of it to form the arm. To avoid an overlap between the very
    similar colors of my sprite's hand and hair outlines, I've just
    hidden the whole arm behind the hair. Finally, make a copy
    of your sprite and mirror it horizontally, making sure not
    to mirror anything that isn't symmetrical (like Ringo's
    bangs and... uh, stem). If you can find a way to add
    bounce to your sprite's hair or any hanging cloth,
    go for it! I've straightened the stem thing
    out... You'll see why in a minute.





    Right, moving on to the side view!
    Erase the arm, but don't worry too much
    about drawing in everything under it, since
    we'll be changing the shape of the sprite. Move the
    leg one pixel up and three back, then move your sprite's
    back... well, back, one pixel. Your upper body twists a bit
    as you walk, so more of the sprite's back should be visible
    in this frame of the animation. Add a bit of the other foot's
    outline to the front of the body, then draw the arm back on
    as I did. It doesn't have to line up with the front of your
    sprite's body, but that's how it looks most of the time
    with FR/LG sprites, so that's what I'll be going with.





    Starting with the armless body you
    made before, move the leg one pixel up and
    two forward, then make it one pixel shorter horizontally.
    Draw in any details of the leg that are missing at this point,
    then add the other leg (all in black, to show that it's in the background)
    in about the same shape to the back of the body. The upper body twists
    in this frame as well, but it will be covered by the arm, so you don't
    need to draw it. Animating the back view frames is mostly
    the same as the front view, so I'll skip right to
    the good part- actually animating!





    So, what's this bounce I referred to earlier?
    Well, take a look at the two sets of animation
    frames above. The green set is one pixel taller than
    the blue one, and the sprites in motion are set lower
    in their frames than the ones that are standing still. While
    there's nothing wrong with the blue animation, I think the
    green animation is more fun, and even looks better. Why?





    Bounce! While the difference isn't as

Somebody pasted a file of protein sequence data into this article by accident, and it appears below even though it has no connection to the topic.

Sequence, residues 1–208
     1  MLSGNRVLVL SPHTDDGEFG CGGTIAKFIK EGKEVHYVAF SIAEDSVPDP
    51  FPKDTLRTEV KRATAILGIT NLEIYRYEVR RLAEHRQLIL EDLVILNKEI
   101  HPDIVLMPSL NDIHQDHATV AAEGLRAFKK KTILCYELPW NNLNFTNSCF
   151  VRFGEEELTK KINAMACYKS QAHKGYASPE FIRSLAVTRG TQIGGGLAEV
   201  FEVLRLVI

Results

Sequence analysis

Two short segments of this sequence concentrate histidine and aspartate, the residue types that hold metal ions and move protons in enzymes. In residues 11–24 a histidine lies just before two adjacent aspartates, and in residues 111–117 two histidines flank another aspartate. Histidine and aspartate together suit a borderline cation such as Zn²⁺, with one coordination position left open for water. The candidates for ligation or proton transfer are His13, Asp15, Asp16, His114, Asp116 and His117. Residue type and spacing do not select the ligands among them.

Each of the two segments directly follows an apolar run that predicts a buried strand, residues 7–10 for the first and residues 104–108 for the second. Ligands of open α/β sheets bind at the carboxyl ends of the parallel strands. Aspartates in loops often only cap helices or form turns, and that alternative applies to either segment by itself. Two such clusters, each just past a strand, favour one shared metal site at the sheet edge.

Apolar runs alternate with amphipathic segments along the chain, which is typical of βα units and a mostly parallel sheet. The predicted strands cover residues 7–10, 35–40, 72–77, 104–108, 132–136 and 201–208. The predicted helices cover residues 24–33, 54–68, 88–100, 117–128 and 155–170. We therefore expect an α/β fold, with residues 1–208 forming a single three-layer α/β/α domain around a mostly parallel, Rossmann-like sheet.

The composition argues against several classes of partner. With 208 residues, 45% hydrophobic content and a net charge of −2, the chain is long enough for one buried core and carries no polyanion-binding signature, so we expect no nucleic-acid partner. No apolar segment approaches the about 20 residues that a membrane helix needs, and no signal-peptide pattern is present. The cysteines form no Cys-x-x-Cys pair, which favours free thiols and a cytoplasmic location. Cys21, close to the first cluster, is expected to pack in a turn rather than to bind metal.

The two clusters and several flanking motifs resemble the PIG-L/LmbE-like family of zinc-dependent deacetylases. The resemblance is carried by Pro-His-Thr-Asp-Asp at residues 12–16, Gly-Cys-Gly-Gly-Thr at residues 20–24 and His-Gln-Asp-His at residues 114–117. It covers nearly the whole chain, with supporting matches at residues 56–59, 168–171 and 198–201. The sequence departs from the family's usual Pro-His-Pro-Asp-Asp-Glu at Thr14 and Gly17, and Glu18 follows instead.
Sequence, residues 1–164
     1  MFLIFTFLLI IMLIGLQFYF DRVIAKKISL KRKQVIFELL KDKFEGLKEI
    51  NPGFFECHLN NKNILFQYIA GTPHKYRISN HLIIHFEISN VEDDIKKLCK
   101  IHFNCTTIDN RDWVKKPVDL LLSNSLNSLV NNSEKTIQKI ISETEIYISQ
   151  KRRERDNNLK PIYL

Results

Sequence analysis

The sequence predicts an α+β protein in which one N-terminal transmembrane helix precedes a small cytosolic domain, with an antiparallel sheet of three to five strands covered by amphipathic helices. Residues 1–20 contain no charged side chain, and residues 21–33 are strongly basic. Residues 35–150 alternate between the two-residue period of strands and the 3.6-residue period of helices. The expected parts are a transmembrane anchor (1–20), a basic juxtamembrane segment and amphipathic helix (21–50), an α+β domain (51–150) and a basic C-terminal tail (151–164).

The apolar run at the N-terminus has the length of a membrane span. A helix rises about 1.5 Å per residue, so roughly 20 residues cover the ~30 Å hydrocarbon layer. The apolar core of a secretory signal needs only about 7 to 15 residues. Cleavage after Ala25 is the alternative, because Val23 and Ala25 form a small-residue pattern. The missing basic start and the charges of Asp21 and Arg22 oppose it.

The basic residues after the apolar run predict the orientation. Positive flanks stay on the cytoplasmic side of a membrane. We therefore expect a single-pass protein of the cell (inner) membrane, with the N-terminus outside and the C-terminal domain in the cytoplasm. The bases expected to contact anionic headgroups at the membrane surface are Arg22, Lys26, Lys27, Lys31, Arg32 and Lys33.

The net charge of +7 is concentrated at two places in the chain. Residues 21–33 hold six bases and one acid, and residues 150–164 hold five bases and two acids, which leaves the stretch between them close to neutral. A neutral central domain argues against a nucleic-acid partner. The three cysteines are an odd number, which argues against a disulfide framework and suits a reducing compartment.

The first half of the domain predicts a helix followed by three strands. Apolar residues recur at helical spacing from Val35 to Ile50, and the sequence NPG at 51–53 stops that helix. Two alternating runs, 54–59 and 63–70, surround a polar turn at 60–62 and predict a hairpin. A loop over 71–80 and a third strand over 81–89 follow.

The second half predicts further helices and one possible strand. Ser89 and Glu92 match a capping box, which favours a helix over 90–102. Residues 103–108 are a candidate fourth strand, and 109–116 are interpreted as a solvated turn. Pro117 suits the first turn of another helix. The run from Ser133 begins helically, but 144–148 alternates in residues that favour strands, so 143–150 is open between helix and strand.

noticeable when the sprites are moving through
    an environment, most animators will still go with
    the green animation, since it has more personality and
    looks more natural. Unfortunately, moving one pixel down
    makes Ringo's stem look like it's retracting rather than
    bouncing, so I may have to make it a bit longer in the
    motion frames. Since the side view sprites become
    one pixel shorter during animation, there's no
    need to add bounce to them in this way.





    One of the most important parts in animating
    a sprite is making sure that all the frames are the
    same size. You should also try to make the sprites used
    by a character in your game the same size as well, for
    proper collision detection and all that good stuff.





    There you have it, overworld sprites easily
    made from scratch, AND properly animated! I
    hope this tutorial has helped you understand why
    overworld sprites are assembled the way they are, so that
    even if you're just editing existing sprites, you'll have the
    tools to do it right. The tutorial is over for real this time,
    but if enough people ask for it, I'll add sections
    for animating R/S/E and DS sprites.

    ---

    If you have any questions or would like to give feedback
    on the tutorials, click here to leave me a visitor message!



    __________________
    ......................................................................

    ..................
    Updated 11/07/10.